Teenage marijuana use declined dramatically between 2002 and 2013, according to new research, shedding doubt on the concern that legalization will increase the number of users,.
The study, published by researchers at Washington University School of Medicine, found that over 12 years, marijuana-related disorders among teens aged 12 to 17 years old declined by 24 percent. The data was collected from more than 216,000 adolescents across all 50 states.
The researchers also asked the teens about their use of marijuana in the last 12 months. Between 2002 and 2013, the usage rates fell by 10 percent. Over the same period of time, 10 states legalized medical marijuana, 13 relaxed laws around pot use, and both Colorado and Washington made the drug completely legal, according to The Washington Post.
Paul Armentano, Deputy Director of the National Organization for the Reform of Marijuana Laws (NORML), told A Plus that it's reasonable to assume legalization of substances like alcohol and tobacco — and the how they were used less frequently afterward — could be a preview of what would happen if we legalized marijuana.
"Americans' overall consumption of these substances [alcohol and tobacco], and young people's use in particular, now stands at historic lows," Armentano said. "These results have not been achieved by imposing blanket criminalization upon society, but rather by regulation and public education."
While adult use of marijuana doubled between 2001 and 2012, and teen lows for marijuana use came in the early nineties, it is true that this study aligns with a few others. One published in Current Opinion of Psychology found "there is no conclusive evidence to show that policies in favor of medical and recreational cannabis use increase uptake by young people." Another, in the International Journal of Drug Policy, found that prevalence of marijuana use does not increase after the passing of medical marijuana laws.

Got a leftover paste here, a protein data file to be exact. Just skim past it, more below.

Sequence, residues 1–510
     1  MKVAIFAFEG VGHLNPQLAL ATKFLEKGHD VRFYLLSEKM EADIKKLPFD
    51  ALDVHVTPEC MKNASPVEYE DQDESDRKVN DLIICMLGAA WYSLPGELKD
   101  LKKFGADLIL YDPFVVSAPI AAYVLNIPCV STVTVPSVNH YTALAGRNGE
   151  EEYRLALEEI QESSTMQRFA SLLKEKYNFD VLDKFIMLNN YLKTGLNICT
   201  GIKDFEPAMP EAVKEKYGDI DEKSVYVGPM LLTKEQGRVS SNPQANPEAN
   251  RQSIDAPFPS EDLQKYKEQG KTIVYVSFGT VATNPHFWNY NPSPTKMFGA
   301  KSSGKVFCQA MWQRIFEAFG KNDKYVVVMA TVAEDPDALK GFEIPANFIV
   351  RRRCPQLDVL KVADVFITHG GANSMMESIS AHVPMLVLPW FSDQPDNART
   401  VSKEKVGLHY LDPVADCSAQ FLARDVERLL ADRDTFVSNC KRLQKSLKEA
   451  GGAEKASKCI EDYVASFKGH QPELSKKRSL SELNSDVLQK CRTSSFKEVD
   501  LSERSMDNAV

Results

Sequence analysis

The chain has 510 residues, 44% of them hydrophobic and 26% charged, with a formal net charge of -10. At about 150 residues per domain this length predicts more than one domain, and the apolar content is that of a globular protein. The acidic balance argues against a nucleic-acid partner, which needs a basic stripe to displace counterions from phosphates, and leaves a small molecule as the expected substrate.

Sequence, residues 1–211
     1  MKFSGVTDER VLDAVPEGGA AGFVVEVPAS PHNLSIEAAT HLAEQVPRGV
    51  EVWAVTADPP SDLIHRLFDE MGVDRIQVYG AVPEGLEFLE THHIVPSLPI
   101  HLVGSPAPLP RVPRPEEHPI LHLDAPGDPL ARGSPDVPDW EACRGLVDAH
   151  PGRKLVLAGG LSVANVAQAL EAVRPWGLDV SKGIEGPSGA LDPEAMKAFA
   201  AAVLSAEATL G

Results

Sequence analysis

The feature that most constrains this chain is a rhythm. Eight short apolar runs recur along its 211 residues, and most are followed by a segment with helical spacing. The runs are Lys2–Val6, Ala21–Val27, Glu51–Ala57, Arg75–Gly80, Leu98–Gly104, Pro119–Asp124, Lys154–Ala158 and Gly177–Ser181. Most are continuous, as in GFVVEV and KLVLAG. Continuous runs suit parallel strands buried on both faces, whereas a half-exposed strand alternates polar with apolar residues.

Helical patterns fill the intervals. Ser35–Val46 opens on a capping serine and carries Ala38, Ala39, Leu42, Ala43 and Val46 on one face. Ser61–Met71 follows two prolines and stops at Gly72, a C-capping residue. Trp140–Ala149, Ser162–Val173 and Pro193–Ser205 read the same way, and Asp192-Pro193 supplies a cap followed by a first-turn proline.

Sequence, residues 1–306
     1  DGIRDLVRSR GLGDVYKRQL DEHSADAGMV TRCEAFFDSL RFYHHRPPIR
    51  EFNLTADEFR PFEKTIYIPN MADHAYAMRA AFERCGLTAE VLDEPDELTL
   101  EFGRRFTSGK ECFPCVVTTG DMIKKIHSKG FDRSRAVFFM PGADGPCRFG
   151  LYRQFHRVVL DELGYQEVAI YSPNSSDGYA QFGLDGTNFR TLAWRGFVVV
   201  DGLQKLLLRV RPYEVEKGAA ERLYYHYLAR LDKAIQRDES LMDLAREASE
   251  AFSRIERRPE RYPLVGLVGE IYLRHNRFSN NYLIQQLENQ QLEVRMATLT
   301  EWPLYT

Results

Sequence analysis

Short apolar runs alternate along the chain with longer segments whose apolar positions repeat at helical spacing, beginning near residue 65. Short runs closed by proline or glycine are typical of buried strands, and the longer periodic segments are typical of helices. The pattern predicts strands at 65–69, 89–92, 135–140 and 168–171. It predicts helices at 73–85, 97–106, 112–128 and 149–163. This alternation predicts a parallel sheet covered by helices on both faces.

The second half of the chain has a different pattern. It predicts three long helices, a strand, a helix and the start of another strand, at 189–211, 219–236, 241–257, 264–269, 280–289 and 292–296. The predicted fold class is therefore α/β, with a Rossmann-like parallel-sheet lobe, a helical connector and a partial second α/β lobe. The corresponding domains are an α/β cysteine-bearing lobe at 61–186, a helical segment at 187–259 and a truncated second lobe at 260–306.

But the scientific community remains somewhat divided. The Annals of Epidemiology, for instance, found that marijuana use amongst teens was higher in states with medical marijuana laws, though they conceded the reasons were unclear.
According to Armentano, this latest study is in line with almost a dozen other scientific papers that all indicate legalization does not create an uptick in usage. Washington University's study is the first of its kind to examine "marijuana use disorders" in teens, such as dependence on the drug or problems with relationships and school because of frequent use.
The findings do show that amongst teens marijuana-related disorders have declined substantially in the last decade. The fact that this has happened while states across the country are legalizing marijuana, and has even happened inside the states that are legalizing marijuana, throws a wrench into many critics' claims that legalizing pot would be a disaster for American youth.
Perhaps most significant in the study is the finding that marijuana use is declining in correlation with a decline in overall youth behavioral problems. The study suggests that general improvements in the mental health of teens are the best way to keep them from using drugs like marijuana — legalization does not have much of an effect.
"Those of us opining in favor of regulating the production and sale of cannabis do so with the understanding that such regulations will better limit youth use and access," Armentano said. "Like the use of any potentially mood-altering substance, cannabis use ought to be designated for adults only."
Cover photo: Nick Starichenko / Shutterstock.